“Economically, Portugal is not in a good phase, so people are trying to succeed internationally. Secondly, I think that students are seeking work outside because it enhances their curriculum and adds value to get permanent employment posteriorly. I think that it will be advantageous to have a strong component of new international experience abroad. Still, I think that having new experiences is extremely important for each of us”. Carlos‟ opinion is
shared by the rest of the correspondents and states the Portuguese conjecture and subsequent need to explore opportunities outside as key drivers. Accordingly, international experiences foster personal and professional development – they fit the personal desire for cultural diversity experiences and, at same time, can be an opportunity to levarege their career. Also associated with individuals‟ professional development, it is possible to observe situations in which they are conducted by compulsory issues, such as it was described by João, a strategic consultant, who has been in Copenhagen: “there was nothing that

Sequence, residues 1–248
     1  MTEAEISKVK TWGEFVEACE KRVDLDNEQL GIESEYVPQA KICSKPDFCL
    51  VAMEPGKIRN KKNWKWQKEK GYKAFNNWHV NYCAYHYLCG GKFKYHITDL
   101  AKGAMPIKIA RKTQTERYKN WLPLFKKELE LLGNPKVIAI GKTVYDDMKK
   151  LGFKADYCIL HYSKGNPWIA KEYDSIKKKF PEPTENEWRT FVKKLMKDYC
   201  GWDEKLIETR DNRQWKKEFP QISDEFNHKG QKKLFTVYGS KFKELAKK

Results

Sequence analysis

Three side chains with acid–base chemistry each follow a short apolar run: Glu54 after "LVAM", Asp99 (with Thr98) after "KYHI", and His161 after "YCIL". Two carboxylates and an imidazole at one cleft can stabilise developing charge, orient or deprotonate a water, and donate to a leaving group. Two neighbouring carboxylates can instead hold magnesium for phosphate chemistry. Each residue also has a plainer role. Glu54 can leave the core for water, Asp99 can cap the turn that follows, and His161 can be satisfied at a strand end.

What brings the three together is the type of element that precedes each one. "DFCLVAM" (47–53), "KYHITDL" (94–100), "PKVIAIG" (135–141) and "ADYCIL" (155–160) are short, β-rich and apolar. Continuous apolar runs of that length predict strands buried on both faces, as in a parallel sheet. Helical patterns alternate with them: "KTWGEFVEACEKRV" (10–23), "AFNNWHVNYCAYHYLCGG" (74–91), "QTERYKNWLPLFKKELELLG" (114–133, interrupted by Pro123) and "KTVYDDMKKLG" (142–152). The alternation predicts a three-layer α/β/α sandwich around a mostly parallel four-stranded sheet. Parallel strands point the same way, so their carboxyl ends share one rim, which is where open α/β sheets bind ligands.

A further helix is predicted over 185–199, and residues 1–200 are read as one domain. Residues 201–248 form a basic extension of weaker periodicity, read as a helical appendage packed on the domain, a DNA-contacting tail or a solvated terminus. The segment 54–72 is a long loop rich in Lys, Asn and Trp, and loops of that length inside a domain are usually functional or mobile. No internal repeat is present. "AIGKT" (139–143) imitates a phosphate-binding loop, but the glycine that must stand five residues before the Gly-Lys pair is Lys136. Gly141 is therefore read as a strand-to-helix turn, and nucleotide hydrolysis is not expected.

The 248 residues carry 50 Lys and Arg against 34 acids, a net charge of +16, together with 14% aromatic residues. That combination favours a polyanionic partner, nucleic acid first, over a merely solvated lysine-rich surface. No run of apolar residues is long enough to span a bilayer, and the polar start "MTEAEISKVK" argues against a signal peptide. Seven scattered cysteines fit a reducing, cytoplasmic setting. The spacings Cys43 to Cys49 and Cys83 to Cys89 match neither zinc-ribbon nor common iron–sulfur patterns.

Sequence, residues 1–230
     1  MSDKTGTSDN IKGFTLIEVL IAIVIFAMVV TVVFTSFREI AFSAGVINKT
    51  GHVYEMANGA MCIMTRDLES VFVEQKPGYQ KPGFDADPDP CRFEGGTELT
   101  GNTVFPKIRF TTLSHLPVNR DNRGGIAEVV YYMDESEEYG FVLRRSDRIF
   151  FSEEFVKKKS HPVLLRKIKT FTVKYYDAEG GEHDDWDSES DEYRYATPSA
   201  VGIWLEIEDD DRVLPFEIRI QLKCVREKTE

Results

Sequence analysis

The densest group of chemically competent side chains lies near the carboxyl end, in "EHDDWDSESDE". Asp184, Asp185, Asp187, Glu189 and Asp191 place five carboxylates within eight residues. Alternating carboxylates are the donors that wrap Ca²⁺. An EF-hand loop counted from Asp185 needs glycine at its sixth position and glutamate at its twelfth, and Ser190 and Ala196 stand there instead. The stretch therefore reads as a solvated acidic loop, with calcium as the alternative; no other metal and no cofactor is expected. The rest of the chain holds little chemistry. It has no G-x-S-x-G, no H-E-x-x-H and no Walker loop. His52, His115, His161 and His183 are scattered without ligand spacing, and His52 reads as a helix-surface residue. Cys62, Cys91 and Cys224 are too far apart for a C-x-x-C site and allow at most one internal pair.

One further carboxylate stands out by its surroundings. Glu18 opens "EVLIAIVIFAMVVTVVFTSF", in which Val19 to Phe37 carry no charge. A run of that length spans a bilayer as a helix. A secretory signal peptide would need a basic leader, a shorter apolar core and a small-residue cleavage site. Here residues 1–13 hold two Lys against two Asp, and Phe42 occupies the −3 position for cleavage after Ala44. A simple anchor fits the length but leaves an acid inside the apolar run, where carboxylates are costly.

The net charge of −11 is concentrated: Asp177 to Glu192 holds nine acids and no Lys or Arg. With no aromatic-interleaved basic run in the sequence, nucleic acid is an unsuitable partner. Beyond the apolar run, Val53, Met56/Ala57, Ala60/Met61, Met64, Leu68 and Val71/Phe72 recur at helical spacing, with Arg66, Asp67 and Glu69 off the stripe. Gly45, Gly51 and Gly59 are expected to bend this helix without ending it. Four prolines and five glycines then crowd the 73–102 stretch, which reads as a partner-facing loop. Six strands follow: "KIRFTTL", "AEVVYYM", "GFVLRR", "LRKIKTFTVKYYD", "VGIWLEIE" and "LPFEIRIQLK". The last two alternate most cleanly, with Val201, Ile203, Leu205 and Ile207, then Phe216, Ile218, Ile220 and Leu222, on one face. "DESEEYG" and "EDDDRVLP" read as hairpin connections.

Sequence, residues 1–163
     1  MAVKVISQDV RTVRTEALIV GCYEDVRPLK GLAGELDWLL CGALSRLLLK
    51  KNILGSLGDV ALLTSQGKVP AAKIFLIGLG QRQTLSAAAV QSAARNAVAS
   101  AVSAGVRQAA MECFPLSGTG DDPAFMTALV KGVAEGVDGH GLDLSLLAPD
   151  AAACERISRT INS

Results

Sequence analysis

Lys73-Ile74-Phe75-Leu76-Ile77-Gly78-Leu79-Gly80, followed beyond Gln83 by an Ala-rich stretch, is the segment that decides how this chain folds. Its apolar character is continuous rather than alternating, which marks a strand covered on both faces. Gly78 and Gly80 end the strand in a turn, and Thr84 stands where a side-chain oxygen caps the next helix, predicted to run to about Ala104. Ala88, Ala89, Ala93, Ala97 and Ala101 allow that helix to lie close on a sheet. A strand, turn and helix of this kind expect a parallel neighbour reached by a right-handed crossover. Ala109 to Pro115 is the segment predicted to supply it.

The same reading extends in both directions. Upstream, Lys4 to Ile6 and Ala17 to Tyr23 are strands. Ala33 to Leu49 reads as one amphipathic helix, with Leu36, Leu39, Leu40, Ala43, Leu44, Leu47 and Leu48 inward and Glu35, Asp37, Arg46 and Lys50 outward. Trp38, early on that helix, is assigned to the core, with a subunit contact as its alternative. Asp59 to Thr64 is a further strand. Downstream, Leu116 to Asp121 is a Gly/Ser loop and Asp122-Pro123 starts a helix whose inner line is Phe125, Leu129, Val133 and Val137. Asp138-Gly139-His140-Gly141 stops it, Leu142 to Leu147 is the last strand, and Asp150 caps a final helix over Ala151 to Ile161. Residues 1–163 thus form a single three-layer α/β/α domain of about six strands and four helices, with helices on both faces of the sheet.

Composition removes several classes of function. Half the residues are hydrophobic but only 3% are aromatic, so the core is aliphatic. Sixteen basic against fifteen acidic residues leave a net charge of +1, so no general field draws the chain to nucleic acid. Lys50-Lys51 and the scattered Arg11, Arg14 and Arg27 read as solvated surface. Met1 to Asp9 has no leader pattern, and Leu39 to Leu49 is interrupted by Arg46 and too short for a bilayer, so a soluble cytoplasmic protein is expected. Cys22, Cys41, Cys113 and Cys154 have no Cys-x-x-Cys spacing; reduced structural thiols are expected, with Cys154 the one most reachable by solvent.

motivated me, my manager sent me and I went”. Notice that this was not a situation
observed regularly, and in that case, they refer monetary reasons “however I‟d like to repeat
the experience [at Denmark] because the end of month is very nice”. Additionally, we found
out another compulsory issue related with educational development, such as CEMS MIM, a master that requires some international working experience (i.e.: three months internship,